Maybe a monetary fine is the wrong approach. I fully agree that everyone who breaks the same traffic law should face the same punitive measures (which is why I support the Finnish law). Maybe instead of paying a fine, restitution could be paid in some other way. I always thought one way to deal with caught speeders is to have them work along the side of the freeway for a few hours. The point of how fast 70, 80, 90 MPH is won't be missed working on the side of the road as a stand-still flesh and blood human. No fine, just learn a lesson in life in terms your infraction. Wouldn't that be punishment "applied evenly..."?
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Old 04-23-2008, 10:44 AM
 
345 posts, read 468,271 times
Reputation: 141
"I always thought one way to deal with caught speeders is to have them work along the side of the freeway for a few hours."

It's a conundrum because it's more a question of who's not speeding? It's the rare bird that dutifully obeys the California (or any other states) speed limits. In a state/country that embraces litigation as much as Californians/Americans, I'd we concerned about having citizens not in the penal system or the transportation department working along busy highways/roads supervised of not. By the way, who's going to pay the people who supervise the side of the road community service sheeple? The California State budget is getting pared to the bone and soon may be on life support, so it's money, money, money that the state really wants.

On a side note, it's ironic that one of the proven ways to reduce/conserve fuel is to lower the posted speed limits, but do you suppose we can slow down the American drivers who wants to go faster, faster, faster not slower, slower, slower? Americans talk, talk, talk about energy conservation these days, but then you see them behind the wheel and you realize that it's just blah, blah, blah as it's everyone else who should conserve - not them.

Last edited by Ria Rhodes; 04-23-2008 at 11:00 AM..
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Old 04-23-2008, 10:46 AM
 
54 posts, read 84,180 times
Reputation: 19
Default Well

Quote:
Originally Posted by Huckleberry3911948 View Post
question. just curious if i got on a french forum and posted my opinion of their driving while on a visit how would i be treated.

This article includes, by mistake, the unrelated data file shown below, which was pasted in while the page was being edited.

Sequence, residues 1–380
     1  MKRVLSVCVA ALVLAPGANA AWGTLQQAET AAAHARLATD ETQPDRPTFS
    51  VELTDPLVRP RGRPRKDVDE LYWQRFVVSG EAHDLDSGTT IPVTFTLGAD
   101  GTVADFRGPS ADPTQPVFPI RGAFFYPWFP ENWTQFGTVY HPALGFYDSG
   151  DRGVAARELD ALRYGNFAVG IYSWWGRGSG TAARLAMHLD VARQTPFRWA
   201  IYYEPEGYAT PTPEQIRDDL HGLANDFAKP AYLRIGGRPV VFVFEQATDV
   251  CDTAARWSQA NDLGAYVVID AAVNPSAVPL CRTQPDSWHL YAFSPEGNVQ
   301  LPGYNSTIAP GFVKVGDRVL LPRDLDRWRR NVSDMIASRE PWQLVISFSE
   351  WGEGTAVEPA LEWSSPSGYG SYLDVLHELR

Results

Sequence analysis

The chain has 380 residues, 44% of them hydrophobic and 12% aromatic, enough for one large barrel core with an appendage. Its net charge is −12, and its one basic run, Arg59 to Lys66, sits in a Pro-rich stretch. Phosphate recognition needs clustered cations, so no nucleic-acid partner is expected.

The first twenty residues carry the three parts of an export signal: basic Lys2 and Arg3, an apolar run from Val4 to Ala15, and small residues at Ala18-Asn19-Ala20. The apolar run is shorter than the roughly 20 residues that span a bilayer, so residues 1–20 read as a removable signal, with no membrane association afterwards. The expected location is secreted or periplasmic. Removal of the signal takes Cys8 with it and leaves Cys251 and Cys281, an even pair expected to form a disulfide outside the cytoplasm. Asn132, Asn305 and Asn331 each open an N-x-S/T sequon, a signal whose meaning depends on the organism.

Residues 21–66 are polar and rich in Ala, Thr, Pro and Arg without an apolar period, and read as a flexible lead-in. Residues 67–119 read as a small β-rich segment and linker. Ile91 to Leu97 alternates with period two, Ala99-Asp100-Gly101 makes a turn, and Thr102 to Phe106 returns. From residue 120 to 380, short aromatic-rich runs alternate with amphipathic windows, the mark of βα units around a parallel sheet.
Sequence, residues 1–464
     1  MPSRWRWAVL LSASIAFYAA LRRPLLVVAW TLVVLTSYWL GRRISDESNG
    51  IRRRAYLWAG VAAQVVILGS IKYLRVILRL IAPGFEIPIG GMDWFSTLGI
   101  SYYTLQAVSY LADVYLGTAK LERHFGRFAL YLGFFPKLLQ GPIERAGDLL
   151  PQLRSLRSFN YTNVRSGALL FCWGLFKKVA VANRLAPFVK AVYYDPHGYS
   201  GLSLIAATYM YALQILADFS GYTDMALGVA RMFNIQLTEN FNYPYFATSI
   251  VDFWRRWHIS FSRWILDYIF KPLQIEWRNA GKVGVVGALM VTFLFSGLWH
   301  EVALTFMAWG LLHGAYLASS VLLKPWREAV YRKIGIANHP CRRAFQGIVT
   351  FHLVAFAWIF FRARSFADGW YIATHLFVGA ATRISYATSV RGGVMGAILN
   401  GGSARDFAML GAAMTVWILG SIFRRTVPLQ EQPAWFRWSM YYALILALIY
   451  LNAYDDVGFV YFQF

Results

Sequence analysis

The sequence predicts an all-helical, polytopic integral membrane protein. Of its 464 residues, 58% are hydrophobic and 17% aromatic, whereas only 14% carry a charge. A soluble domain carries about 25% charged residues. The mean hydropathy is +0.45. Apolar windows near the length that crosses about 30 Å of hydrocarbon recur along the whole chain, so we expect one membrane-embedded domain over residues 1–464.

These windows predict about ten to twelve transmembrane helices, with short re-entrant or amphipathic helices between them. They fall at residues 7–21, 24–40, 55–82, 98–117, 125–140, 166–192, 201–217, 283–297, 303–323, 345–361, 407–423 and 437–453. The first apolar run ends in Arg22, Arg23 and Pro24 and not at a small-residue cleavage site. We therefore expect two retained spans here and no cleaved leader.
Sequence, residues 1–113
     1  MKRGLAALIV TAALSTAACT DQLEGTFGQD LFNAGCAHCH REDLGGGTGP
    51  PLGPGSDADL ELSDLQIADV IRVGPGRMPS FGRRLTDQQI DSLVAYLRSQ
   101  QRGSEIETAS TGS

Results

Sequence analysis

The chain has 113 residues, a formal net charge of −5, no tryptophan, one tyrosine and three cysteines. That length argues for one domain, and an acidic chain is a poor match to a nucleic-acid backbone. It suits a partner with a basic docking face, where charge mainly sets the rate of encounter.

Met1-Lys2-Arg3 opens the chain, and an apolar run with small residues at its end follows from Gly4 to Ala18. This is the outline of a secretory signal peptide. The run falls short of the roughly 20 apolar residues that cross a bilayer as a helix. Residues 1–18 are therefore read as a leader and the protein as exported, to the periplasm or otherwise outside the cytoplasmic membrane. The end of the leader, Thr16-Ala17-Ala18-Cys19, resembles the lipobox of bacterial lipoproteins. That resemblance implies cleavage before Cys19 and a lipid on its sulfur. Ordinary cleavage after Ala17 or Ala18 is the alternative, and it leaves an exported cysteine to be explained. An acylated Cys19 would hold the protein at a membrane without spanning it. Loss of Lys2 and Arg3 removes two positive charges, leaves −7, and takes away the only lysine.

i speak french.
I think the diversity of the responses would be the same as that of the responses to the opinion I gave in this forum. That is to say from the "yes you're totally right" responses to the "you are an arrogant yankee" responses, via the "it's not that bad, you get used to it" responses.

Of course it will depend on wether you criticize or not what you noticed in France. But I truely think that, whichever the country you live in, there are the same proportions of jerks-who-think-their-country-is-perfect-and-can't-even-heard-the-slightest-criticism, of open-minded people realistic to what is rfight and wrong in their countrt, etc.
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Old 04-23-2008, 10:54 AM
 
54 posts, read 84,180 times
Reputation: 19
Default problem with vocabulary

Quote:
Originally Posted by Joe_Ryder View Post
The LA freeways were a free-for-all long before the "Chips" TV show. You can't put too much stock in TV, new or vintage, it's just entertainment and never has borne much resemblance to reality. Mayberry never existed anywhere. Even the "Brady Bunch" house is a sham. It's actually a single level ranch style house. They added a facade to give it the appearance of a two story for filming. Half the shows you see that are supposed to take place in CA are filmed in Canada. Probably weaker unions up there.

Most of the shows you see depicting CA freeways are just sets out in the desert. I can just imagine the public outrage if they were to close down the 101 for a few days of shooting. There'd be shootings all right.
Sorry but what does "free-for-all" mean? Does that mean everybody can do whatever he or she wants (regarding driving habits), like an implicit unsaid autorisation by the authorities to drive as you like?